By Ann Tatko-Peterson
Wednesday, September 24th, 2008 at 6:05 am in Adoption.
So much coming out of Washington right now focuses on the election and bailout of the financial industry. Perhaps that’s how a significant piece of legislation went unnoticed this week. For the first time in this century, Congress agreed on a major reform of child welfare laws. One major change includes extending federal foster care assistance until age 21 for those who are enrolled in school, working or otherwise engaged in “constructive” activities. The reform also provides a more concrete transitional plan for those who age out of the foster care system. Finally, lawmakers recognize that not all 18-year-olds are ready to be declared adults and left to fend for themselves.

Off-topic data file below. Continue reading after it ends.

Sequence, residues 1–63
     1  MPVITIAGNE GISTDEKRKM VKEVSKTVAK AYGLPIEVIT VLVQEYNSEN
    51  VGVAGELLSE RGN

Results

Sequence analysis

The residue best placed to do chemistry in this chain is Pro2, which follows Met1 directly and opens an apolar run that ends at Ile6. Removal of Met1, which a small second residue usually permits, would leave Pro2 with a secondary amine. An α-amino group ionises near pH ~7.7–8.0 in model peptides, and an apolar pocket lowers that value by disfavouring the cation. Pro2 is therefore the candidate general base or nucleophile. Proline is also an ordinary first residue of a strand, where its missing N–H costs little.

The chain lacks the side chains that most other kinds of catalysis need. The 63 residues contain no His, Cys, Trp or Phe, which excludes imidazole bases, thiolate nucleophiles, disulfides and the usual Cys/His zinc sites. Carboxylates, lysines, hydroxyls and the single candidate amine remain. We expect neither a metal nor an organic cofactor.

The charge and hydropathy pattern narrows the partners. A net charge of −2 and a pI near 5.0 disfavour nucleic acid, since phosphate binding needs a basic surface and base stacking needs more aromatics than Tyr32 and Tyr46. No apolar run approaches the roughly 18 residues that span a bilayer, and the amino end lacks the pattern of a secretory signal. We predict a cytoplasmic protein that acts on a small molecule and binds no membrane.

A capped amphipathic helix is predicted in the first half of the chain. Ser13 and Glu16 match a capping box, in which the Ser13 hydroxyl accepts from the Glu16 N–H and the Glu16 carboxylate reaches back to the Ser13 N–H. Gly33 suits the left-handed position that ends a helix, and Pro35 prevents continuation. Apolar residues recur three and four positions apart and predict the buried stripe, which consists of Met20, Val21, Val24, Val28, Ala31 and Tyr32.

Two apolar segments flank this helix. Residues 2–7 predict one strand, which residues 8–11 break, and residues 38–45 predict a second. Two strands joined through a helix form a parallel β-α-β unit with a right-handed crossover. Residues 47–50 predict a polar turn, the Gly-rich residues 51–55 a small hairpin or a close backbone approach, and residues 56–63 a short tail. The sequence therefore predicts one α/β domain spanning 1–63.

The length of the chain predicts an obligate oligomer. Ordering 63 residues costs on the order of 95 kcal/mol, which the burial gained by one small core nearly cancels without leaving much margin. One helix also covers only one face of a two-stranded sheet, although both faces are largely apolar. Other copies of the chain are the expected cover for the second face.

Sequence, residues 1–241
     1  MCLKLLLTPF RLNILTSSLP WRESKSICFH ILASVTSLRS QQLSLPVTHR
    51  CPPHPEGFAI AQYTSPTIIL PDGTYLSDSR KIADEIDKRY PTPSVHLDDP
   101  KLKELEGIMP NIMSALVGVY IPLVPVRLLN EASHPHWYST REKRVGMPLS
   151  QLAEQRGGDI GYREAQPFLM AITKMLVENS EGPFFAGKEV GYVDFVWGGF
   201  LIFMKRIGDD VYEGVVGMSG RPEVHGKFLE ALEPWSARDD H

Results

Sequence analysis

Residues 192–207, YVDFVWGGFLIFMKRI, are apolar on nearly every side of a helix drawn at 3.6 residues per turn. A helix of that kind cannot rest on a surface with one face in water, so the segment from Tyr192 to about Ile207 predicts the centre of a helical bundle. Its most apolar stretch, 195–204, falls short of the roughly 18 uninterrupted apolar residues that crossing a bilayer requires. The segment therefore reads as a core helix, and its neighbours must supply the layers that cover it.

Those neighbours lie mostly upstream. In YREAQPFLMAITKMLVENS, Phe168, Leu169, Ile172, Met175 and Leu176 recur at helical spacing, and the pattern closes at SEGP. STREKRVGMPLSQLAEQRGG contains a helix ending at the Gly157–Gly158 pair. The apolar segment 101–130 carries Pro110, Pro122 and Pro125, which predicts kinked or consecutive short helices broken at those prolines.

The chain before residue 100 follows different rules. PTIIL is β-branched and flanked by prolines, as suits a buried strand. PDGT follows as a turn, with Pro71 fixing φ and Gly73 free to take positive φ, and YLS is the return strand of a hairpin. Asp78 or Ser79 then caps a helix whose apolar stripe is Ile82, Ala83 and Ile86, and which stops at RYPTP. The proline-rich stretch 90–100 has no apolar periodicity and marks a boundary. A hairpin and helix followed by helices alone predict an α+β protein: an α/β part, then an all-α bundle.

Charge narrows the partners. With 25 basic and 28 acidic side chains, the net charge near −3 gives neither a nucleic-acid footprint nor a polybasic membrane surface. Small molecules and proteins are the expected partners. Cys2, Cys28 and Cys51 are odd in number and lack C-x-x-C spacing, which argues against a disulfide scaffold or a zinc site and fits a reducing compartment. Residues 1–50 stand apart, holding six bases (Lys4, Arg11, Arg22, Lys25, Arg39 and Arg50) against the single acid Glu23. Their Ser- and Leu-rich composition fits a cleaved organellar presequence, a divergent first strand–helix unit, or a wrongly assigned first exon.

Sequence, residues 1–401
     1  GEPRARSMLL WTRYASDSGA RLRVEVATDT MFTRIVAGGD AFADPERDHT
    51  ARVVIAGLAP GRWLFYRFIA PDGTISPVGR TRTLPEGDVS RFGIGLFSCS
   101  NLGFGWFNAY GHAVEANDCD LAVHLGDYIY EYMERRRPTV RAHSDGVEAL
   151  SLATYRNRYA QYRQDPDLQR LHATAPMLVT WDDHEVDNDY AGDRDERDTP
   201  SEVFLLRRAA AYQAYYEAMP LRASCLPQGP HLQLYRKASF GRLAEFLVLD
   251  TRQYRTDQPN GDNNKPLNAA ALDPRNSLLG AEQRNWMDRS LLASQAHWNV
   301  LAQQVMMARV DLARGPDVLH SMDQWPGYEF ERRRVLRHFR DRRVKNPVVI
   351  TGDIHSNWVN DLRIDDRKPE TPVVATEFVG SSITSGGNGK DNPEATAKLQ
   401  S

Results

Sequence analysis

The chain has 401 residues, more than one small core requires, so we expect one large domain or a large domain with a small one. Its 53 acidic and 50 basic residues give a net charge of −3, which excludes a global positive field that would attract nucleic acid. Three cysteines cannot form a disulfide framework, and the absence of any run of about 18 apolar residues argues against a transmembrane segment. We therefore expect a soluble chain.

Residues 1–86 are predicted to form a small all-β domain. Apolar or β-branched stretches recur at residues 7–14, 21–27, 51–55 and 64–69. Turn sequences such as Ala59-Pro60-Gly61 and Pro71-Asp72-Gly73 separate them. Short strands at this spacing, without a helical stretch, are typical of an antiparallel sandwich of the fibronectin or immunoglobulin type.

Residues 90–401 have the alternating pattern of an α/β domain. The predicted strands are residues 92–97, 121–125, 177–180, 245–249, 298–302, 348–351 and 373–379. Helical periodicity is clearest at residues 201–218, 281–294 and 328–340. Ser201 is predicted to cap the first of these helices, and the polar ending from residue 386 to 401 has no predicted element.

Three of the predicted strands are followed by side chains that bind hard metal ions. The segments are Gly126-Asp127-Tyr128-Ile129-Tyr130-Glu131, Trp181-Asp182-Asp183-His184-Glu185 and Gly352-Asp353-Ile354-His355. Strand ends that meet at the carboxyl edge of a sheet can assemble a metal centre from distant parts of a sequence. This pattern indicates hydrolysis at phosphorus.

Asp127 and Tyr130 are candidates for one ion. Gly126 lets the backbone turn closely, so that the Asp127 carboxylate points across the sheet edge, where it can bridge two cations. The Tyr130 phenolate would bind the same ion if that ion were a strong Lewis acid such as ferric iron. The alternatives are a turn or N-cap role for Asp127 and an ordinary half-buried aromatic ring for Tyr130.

Other key changes: Federal adoption assistance is now available to all special needs children. Before assistance was based on whether the birth parents were eligible for welfare. Also, the Adoption Incentives Program was extended and expanded, increasing the financial bonuses awarded to states for children adopted out of foster care. Both measures should help encourage more adoptions. For a full list of changes to the child welfare laws, read here.